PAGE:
There are probably some good movies to be made on this subject but this doesn’t seem like one of them. Indeed, this seems like little more than a very immature male wish-fulfullment fantasy. Guy who is not particularly handsome, clever or rich manages to talk a beautiful woman into not only having sex with him but raising his kid to boot. I know I sound like a traitor to my gender in saying this, but who exactly are we supposed to root for in this scenario? Stupid clueless guy who knows nothing about dealing with kids or women or silly clueless woman who apparently knows nothing about liquor or birth control?

    As much as I’d like to see another member of the “Freaks and Geeks” cast become successful, I’d just as soon not see it happen with this film.

    As for “Ratatouille”:

    Two words: “Flushed Away.”

    Okay, more words: if a bright clever movie like “Flushed Away” can flunk out at the box office despite being distributed by a major studio (Dreamworks) and despite being funnier than almost any other animated film I saw last year, then there’s no way that “Ratatouille” can be that certain a success.

    It would be nice to think otherwise though.

  • MaryAnn

    I’m not looking forward to seeing “Knocked Up” either. And last time I checked, I was a heterosexual male.

    Hoorah!

    There are probably some good movies to be made on this subject but this doesn’t seem like one of them.

    Exactly. There’s a good movie to be made out of almost *any* idea — unfortunately, Hollywood hardly ever actually makes that good movie.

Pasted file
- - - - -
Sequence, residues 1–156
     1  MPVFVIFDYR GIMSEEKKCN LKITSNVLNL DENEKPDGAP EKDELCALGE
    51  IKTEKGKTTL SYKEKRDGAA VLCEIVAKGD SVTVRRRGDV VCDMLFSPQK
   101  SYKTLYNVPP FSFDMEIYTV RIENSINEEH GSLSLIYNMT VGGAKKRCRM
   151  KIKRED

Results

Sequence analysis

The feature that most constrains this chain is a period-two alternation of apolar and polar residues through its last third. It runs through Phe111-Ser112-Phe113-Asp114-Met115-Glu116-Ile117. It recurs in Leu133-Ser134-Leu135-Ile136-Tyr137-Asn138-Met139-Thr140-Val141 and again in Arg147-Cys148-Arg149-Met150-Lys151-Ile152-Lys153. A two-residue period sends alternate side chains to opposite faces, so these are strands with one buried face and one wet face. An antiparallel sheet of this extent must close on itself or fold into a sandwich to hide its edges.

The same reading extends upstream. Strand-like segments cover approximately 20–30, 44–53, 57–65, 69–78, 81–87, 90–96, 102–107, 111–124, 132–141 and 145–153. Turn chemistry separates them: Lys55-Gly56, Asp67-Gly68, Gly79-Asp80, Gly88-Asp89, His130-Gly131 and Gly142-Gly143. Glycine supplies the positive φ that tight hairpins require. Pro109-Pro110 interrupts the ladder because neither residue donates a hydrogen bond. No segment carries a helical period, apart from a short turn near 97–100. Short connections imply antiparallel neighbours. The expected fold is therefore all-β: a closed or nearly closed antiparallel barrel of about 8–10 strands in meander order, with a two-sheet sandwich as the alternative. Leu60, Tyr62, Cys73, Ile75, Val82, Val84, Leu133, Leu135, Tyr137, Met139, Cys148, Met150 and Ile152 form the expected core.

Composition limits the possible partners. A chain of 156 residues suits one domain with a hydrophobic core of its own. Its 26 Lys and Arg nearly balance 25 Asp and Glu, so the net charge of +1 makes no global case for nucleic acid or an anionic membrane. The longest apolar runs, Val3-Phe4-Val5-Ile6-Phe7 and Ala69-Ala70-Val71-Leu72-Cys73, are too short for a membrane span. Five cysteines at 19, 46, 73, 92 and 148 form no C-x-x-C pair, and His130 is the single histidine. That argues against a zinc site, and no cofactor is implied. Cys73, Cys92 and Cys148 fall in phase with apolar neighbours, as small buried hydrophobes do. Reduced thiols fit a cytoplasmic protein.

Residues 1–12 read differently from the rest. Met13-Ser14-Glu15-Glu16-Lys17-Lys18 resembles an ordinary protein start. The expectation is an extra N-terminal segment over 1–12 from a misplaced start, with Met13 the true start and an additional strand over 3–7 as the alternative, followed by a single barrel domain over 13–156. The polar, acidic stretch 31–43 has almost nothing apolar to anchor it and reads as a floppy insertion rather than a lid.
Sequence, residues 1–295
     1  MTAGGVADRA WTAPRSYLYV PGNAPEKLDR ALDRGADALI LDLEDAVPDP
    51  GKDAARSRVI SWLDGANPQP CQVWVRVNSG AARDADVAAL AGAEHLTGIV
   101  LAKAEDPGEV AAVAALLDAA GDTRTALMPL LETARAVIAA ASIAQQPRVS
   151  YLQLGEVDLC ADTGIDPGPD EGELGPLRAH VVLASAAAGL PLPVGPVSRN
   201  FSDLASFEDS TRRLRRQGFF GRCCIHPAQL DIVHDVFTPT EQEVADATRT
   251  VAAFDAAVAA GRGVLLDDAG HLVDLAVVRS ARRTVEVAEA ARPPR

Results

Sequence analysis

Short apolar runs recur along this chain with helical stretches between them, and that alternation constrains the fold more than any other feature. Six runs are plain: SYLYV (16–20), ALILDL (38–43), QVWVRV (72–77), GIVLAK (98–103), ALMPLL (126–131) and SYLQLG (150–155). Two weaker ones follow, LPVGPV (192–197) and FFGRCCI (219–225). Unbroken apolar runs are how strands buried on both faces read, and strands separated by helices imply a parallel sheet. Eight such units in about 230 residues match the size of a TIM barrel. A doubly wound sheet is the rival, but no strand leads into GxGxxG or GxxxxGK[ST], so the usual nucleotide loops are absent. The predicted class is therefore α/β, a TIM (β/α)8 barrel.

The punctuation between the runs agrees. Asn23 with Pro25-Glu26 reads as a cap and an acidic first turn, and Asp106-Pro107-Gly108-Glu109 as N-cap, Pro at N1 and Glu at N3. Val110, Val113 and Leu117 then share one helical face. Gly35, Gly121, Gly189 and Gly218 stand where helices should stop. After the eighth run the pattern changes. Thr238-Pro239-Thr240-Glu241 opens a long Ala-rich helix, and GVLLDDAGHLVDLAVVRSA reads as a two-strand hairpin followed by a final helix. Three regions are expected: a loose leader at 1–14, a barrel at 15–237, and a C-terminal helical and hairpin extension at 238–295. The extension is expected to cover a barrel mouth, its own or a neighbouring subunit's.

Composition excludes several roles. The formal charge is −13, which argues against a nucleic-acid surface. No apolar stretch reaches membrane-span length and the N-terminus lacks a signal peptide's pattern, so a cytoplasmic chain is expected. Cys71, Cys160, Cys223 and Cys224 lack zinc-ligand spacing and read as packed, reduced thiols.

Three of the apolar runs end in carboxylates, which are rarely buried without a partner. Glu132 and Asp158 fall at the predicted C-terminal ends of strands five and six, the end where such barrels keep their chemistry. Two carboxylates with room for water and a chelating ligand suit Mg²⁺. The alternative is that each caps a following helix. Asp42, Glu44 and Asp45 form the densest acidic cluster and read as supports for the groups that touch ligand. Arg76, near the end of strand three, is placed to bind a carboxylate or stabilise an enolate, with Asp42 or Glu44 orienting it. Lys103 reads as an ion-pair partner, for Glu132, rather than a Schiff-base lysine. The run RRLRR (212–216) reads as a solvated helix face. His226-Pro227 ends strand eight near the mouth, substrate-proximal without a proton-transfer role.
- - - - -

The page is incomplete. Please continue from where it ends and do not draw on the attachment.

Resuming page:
Indeed, this seems like little more than a very immature male wish-fulfullment fantasy. Guy who is not particularly handsome, clever or rich manages to talk a beautiful woman into not only having sex with him but raising his kid to boot.

    I wouldn’t call the film a male-wish-fulfillment. He doesn’t talk her into anything. She’s just a stupid bint, and he’s just an overgrown child who needs a stupid bint to make him “grow up.” Which makes me want to throw up.

    I know I sound like a traitor to my gender in saying this

    No, you’re not being a traitor to your gender at all, no more than I am being a traitor to my gender in wondering what the fuck is wrong with women. There’s nothing traitorous in wanting people to act like the grownups they supposed are. And there’s nothing traitorous in wondering what the hell is wrong with American culture that we don’t expect people to grow the fuck up.

    but who exactly are we supposed to root for in this scenario? Stupid clueless guy who knows nothing about dealing with kids or women or silly clueless woman who apparently knows nothing about liquor or birth control?

    You make my point, sir!

    As much as I’d like to see another member of the “Freaks and Geeks” cast become successful, I’d just as soon not see it happen with this film.

    Yes. Seth Rogen has an undeniable charm, but this movie does not show it off as best it might.

    As for “Ratatouille”:

    Two words: “Flushed Away.”

    Oooo. Yes, I loved that film too, and it was mostly ignored. *sigh*

  • Ah, just remembered what film I really think will be this summer’s sleeper… as in, virtually no one has heard of it, but I think it will do pretty well:

    Sunshine

    Directed by Danny Boyle, written by Alex Garland, and starring Cillian Murphy… they worked well together on 28 Days Later, and from what I’ve heard, Sunshine is some actual intelligent “hard” SF. I’m looking forward to it.